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PDF Optimization: How Does Google Handle PDFs, How Should You?

 In On-Page SEO, SEO

Are PDFs good for SEO? Does Google, or Googlebot, crawl PDFs and index them? Do PDF documents rank in Google search results as well as HTML pages? These are good questions which I’m sure you have wondered about, along with so many of us in the business of managing Web sites and planning for search. After all, the PDF format is a great way to store and deliver documents and maintain their formatting and design, and to discourage unauthorized edits. As such, PDFs have become pervasive and universal. You see them everywhere. Some sites, especially intranets, are packed with more PDFs for downloading than HTML pages.

So how does Google Relate to PDFs?

Google has been indexing PDFs for quite a few years already and is becoming quite good at it. But it’s very important to understand the difference between text-based PDFs and graphical PDFs. When you generate your PDF, use the option to make it text searchable. Here’s the test: Try a search within your PDF (CTRL-F, or use the PDF’s Edit/Find menu). If you can find and select actual words and characters (with your mouse) in the document, so can Google. If you can’t, then it’s an image, not text, like a fax. In that case, Google might still be able to OCR the doc and figure out many of the words, but it’s much more difficult and far less accurate. Don’t make Google work harder than necessary, if you are aiming for optimal indexing and, hopefully, ranking of your content.

So we know Google can crawl and index your text-based PDFs rather well. What about ranking?

How Does Google Rank PDF vs HTML Documents?

Much like with any Web page or document, when Google evaluates a link or a page, its algorithm tries to determine if this will be the best document to serve to the searcher. Will this be the best result for the user? Unfortunately, there is no black and white rule, but try to answer the question yourself. Clearly some document types are better suited to PDFs than others. It’s very common to see restaurant menus as PDFs, for example. Some people like to download them and print them, and there are hundreds of restaurant and menu aggregation sites and directories that like to grab these or link to them as well. Still, some people just don’t like PDFs no matter what. So it’s your job to consider if this is likely to be well received by your users or not. Will this be the best way to present your content? If you are confident it is, go for it. See what happens. You can always change it later. And you can often offer both and make one the canonical page. More on that option another time!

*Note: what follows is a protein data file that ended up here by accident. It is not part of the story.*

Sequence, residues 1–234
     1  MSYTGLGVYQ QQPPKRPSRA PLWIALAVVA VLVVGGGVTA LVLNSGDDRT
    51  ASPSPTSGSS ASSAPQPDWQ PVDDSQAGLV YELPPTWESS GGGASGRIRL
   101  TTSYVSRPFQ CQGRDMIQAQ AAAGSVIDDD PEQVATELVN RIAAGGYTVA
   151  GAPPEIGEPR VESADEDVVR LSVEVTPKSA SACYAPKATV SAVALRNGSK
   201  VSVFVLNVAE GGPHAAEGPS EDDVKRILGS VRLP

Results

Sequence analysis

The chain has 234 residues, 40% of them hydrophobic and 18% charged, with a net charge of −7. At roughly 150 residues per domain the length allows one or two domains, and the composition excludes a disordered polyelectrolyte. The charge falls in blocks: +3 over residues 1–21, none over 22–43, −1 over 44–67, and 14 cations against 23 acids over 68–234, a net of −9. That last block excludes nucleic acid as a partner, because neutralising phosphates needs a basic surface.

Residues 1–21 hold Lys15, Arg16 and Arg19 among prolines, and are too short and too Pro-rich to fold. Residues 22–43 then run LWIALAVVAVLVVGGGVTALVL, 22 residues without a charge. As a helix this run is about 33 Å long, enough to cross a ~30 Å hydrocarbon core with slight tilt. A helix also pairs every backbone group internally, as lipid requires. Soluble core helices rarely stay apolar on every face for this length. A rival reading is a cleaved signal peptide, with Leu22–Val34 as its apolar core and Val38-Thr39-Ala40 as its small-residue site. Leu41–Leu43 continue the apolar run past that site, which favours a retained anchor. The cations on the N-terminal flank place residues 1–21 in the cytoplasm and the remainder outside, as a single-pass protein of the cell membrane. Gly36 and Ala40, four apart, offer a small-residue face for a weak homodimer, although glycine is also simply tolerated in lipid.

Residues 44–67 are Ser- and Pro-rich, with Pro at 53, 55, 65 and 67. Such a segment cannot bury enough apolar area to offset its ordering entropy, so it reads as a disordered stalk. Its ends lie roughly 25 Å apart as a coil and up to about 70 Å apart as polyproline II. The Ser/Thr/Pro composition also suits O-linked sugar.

A Few Additional PDF Optimization Tips

  1. To facilitate indexing of any images in your PDFs, you should create HTML pages for them. Google does not index images from the PDF itself.
  2. Links in PDF files are usually treated similarly to links in HTML: they can pass PageRank for example. And Google may follow them. So use good anchor text as always and link to content that you want to expose and to which you want page rank to flow.
  3. PDFs have meta titles within the files. Optimize those as you would any HTML page. And be mindful of the anchor text of any links that point to your PDFs. Use meaningful keywords there, rather than “click here” to download, for example!

For more info, watch this YouTube Video, in which Matt Cutts of Google’s search team, discusses the best practices of PDF optimization.

And as always, let us know if we can help and how you do with your PDFs.

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